Posts Tagged ‘FAQ’

Front load washer taking longer than it says it will?

January 23, 2012

But the washer said it would be done by meow! What's taking so long...

I love my front load washer. It fits double the load of my old top load washer, cleans better and spins out more water so I don’t have to ruin my my clothes by drying them for an eternity.

It also estimates the amount of time it will take to finish the cycle, which comes in handy when deciding whether I should wait around to throw the clean clothes in the dryer or run an errand.

But what about when the washer shows the wrong time estimate? Maybe sometimes when your washing machine says it will take 40 minutes, it takes 50 minutes instead.

Your clothes washer time to complete a cycle is based on the type of laundry detergent you use, the size and type of your load, which cycle you chose and temperature and pressure of your water.

So, for instance, if you use too much detergent, it will “oversuds” and take longer to rinse out of your clothes. (Some brands will flash “Sd” or “Sud” on the indicator when this happens. To avoid, use the recommended amount of HE detergent).

If the load is unbalanced, say, due to you only washing one item or particularly a bulky item, your washer will keep trying to rebalance itself and that will add minutes to the process.

No brainer: larger loads will take longer to clean, especially on specialty cycles like delicate.

If you choose a sanitatization or white cycle, the water will need to be hot and if the incoming water is cold — well, you get the idea.

HOW TO: solve dishwasher problems on your own

May 23, 2011

Dishwasher got your goat? I'll help you tame it.

If your dishwasher isn’t working as well as you would like, that doesn’t necessarily mean it needs service or that it’s a clunker. Maybe you just need to perform some cleaning and/or maintenance. Have I already answered your problem in a previous post?

HOW TO: clean a dishwasher

Dishes not drying

Dishes not clean

Dishwasher leaving white film on glasses

Food residue left on dishes

Dishwashing detergent left in dispenser

Dishwasher won’t drain

Or, if you try all of those and you’re still not satisfied, maybe you’re not using it correctly (see HOW TO:  load your dishwasher properly) or maybe it’s time for a new dishwasher. How long have you had yours versus how long is a dishwasher expected to last?

Best cleaning tips posts

March 23, 2011

It’s official spring, which means it’s officially appropriate for a cliche “spring cleaning post roundup”!

We’ve accumulated quite a few cleaning posts, which might surprise my house if it found out about all this unused knowledge.

Anything else you’d like to see here? Leave a comment.

 

 

General

Cooking

Other kitchen cleaning

Laundry room

HOW TO: clean a dishwasher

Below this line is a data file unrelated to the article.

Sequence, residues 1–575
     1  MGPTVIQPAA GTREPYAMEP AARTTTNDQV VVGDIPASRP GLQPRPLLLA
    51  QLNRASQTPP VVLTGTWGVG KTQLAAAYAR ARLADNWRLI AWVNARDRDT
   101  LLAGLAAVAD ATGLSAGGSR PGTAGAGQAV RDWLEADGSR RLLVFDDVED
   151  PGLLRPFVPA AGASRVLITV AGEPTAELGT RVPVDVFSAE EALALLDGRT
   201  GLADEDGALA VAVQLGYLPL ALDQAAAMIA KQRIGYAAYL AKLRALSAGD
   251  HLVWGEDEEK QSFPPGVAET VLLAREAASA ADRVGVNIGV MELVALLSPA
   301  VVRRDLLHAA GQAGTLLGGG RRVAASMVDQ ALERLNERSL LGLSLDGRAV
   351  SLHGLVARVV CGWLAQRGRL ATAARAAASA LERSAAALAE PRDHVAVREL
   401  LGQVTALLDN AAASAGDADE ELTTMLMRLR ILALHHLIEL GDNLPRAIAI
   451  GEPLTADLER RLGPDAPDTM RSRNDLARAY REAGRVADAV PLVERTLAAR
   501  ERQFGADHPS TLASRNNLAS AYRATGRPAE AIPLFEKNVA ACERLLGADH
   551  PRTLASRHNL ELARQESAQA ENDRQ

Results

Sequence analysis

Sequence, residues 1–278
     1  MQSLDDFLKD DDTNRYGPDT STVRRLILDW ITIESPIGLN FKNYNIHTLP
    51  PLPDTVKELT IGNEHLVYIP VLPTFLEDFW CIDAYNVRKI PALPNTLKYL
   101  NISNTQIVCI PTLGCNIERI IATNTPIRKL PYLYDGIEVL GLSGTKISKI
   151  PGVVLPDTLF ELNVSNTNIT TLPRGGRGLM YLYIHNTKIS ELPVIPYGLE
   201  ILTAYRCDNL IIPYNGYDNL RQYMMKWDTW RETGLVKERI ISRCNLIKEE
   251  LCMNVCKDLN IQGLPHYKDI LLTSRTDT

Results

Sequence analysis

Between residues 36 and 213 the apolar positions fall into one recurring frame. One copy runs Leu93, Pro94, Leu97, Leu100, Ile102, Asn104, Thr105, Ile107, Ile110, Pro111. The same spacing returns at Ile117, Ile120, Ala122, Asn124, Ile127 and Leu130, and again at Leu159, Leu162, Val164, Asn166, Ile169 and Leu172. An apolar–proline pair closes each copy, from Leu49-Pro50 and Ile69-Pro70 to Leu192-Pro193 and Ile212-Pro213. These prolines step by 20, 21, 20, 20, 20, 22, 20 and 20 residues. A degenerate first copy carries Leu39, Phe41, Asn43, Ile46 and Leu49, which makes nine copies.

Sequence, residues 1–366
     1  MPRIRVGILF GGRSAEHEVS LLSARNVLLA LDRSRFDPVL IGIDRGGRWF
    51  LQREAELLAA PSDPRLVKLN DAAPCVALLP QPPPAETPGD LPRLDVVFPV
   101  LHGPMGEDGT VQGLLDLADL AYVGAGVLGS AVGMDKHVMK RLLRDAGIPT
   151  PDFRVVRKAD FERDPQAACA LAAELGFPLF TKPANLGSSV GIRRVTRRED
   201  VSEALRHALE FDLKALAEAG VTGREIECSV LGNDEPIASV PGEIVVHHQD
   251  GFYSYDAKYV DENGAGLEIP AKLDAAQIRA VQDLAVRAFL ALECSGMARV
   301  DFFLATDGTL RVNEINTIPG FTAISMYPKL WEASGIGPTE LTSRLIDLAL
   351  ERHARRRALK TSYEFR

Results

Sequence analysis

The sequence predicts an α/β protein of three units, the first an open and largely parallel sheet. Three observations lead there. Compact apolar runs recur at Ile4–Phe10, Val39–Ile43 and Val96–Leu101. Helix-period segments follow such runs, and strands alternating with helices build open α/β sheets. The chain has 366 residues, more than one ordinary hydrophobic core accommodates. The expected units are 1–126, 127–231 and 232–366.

January 4, 2011

Dishwasher suffering from that "not-so-fresh" feeling?

Most of us think of dishwashers as cleaning our dishes, but you should routinely clean your dishwasher, as well — especially if you’ve noticed a change in its performance. (I’m a huge advocate for performing regular maintenance on your appliances, just as you would your car, to maintain the life and — therefore — get the most out of your investment.)

Dishwasher detergent and food residue might buildup over time (especially if you use too much dishwasher soap and pre-rinse your dishes, which can leave white film on dishes). Clean out the filters and scrub the spray arm nozzles with a toothbrush to loosen any food residue clogged inside.
Then, the real secret of how to clean dishwashers is hiding in plain sight of your own cupboard: white vinegar.

Fill a cup with vinegar and put it in the top rack of the dishwasher (don’t add any soap to the dishwasher dispenser) and run the dishwasher as normal. Voila!

If you don’t have any vinegar (or the smell grosses you out), my brother swears by powdered citric acid in the dishwasher soap dispenser, and I’ve also heard of people successfully cleaning the dishwasher using Tang in the detergent dispenser.

Photo courtesy eHow.com

Convection oven baking tips

December 20, 2010
.christmas snowflake food

It's cookie season. Do you need to brush up on your convection baking knowledge?

 

Are you taking full advantage of your convection oven (if you don’t know what that is, read What is convection?)?

You probably already know to decrease your oven temperature 25 degrees and decrease the bake time about 25 percent for convection oven vs. conventional oven.

But if you already know how to use convection cooking — and you probably do if you partake in holiday baking and cookie exchanges — I bet you’ll still learn something from Dacor’s convection oven baking tips (PDF).

Also, if if your convection oven cooking times seem to be longer now than when you first bought your convection oven, perhaps you need to clean your convection filter.

In a convection oven, the fan draws air through the filter. So especially if you do a lot of roasting,  grease particles will stick to the filter and could obstruct the airflow. Check your use and care manual for instructions on how to clean your filter. Some, like Dacor convection oven filter, are dishwasher safe.

Dishwasher troubleshooting: Dishwashing detergent left in dispenser

December 7, 2010

My new baby (and yes, those are blue laminate countertops)

I got a new Asko dishwasher a couple of weeks ago, and I haven’t been able to stop thinking about it: the way all my pots and pans fit, the stemware holders for my house’s wine habit, the knife holder for my vegetable habit.

Nothing comes out with a speck of food, and we no longer have to yell at each other over a tsunami of washing sounds. My life has improved two-fold. No more dishwasher problems.

Well, there was one. The Cascade Action Packs we had just bought on sale were getting stuck in the dispenser.

After reading the Use & Care manual (gold star for me), I noted that Asko recommends using powder detergent, and only about a tablespoon of it depending on the hardness of your water.

When I switched back to powder, everything was fine. But it’s not always as easy as switching dishwasher detergent.

If you still have caked detergent after running your dishwasher, try these dishwasher troubleshooting tips, adapted from Whirlpool Corp.

Was the dispenser cup wet when you added detergent?

If dispenser cup is wet, the detergent can clump. This also means that if there’s still detergent left in the cup, don’t think, “Oh, well now I don’t have to refill it!” Clean it out and start over.

Is the cycle incomplete?

If the previous cycle did not complete, the detergent can become caked in the dispenser cup if it is left sitting in the dishwasher. But this probably isn’t the cause for those with chronic detergent-caking issues. Again, clean the detergent from the cup and start over again.